Risk of dissipation
Nugee J found that the degree of risk of dissipation of assets that a claimant needs to demonstrate in order to obtain a notification injunction is less than it would be for a freezing injunction:
“It is I think also relevant that the proposed notification injunction is less intrusive than a freezing order; I take the view that this is relevant to the degree of risk which needs to be shown before the Court can be persuaded to intervene” (paragraph 47 of the judgment).
Therefore, if there is insufficient evidence of risk of dissipation for a claimant to obtain a freezing injunction, they may nevertheless be able to obtain a notification injunction.
Nugee J considered a number of factors to be relevant when it came to assessing the risk of dissipation. First, the corporate structure of the defendants, which was described by the claimants as “labyrinthian”. Here, the defendants used a large number of offshore companies incorporated in jurisdictions with limited reporting requirements and made extensive use of nominee and fiduciary companies. The judge acknowledged that although a complex and opaque offshore structure such as this was not conclusive as a risk of dissipation, it was a factor which could be regarded as a contributing risk if there was other material which could be taken into account.
Second, the court looked at the nature of the assets in question. The defendants argued that many of their assets took the form of real property which was not susceptible to dissipation. The court rejected this argument, commenting that it was not necessary to sell property in order for its value to be transferred.
Third, the court heard evidence that Christian Candy had transferred a row of houses in Regent’s Park into his wife’s name. Although Nugee J acknowledged that such a transaction could have an innocent explanation, on the evidence provided it could be interpreted as dissipation.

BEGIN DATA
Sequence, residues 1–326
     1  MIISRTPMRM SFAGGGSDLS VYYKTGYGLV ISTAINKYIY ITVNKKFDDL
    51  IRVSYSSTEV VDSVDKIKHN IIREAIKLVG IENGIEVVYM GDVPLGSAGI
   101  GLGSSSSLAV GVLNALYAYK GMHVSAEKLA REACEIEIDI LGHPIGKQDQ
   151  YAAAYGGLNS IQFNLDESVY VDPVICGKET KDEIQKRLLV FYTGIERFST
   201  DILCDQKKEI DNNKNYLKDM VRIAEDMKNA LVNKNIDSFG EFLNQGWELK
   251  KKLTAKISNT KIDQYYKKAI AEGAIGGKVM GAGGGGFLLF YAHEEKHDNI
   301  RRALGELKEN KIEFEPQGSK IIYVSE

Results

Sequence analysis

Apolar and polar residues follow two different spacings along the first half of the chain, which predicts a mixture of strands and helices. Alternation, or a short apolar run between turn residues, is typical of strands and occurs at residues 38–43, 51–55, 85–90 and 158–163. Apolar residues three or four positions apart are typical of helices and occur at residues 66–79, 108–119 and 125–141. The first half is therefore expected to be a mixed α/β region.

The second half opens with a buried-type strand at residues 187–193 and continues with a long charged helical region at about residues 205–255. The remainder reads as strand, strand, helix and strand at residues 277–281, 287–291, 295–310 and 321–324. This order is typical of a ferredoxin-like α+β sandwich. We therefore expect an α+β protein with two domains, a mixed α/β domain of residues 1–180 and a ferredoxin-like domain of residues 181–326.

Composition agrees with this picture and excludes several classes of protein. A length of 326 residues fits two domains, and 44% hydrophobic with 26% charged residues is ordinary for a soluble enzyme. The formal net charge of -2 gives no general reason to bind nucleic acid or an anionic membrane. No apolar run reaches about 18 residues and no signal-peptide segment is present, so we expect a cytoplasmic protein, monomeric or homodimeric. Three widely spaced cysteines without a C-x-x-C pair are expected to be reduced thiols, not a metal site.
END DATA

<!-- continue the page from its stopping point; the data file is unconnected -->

Fourth, the court noted that there was a discrepancy between Nick Candy’s lifestyle and his apparent means of funding this lifestyle. Specifically, he was reported to have given a gift of a £26 million yacht to his wife, and the claimants submitted that it was very difficult to ascertain from publicly available sources how he could afford this. Nugee J commented that “a person who publicly flaunts his wealth, but whose declared holdings in his corporate interests do not begin to justify the wealth which he displays, is open to the charge that he is willing to say one thing and do something else“.
The judge went on to say that that if Nick Candy was “prepared to be unforthcoming about his assets and conceal them; that does in my judgment give rise to a real risk that were he to face a judgment, the Claimants might find that his position was that he no longer had any assets to meet it“.
The court considered that taking these factors together there was sufficient risk of dissipation. However, in considering the balance of convenience, the judge expressed some concerns about the disruption the order would cause to the defendants’ business, and granted a modified version of the order in which there would be no need for prior notification of transactions in relation to UK residential and commercial property. In those cases notification was to be given within three days after completion of the transaction.
Revisions to the notification regime
Three weeks after the initial hearing, Nugee J heard evidence from the defendants on the impact of the notification regime. He accepted their evidence that the regime had caused “real practical difficulties“. They had notified 74 transactions, which involved a “very substantial” amount of management time and legal costs of £250,000. The judge accepted that to continue the regime as it stood until judgment would result in the defendants incurring several million pounds in legal costs and other inconveniences to the running of their businesses. The defendants also expressed concern (which the judge was satisfied was “not a fanciful concern“) that press coverage and publication of the judgment granting the injunction would lead those who dealt with the defendants to worry about the impact of the notification regime on their own desire for confidentiality, and this could prejudice the defendants’ position in the market. In particular, Nugee J noted that this impact would be felt even in relation to “perfectly ordinary business transactions“.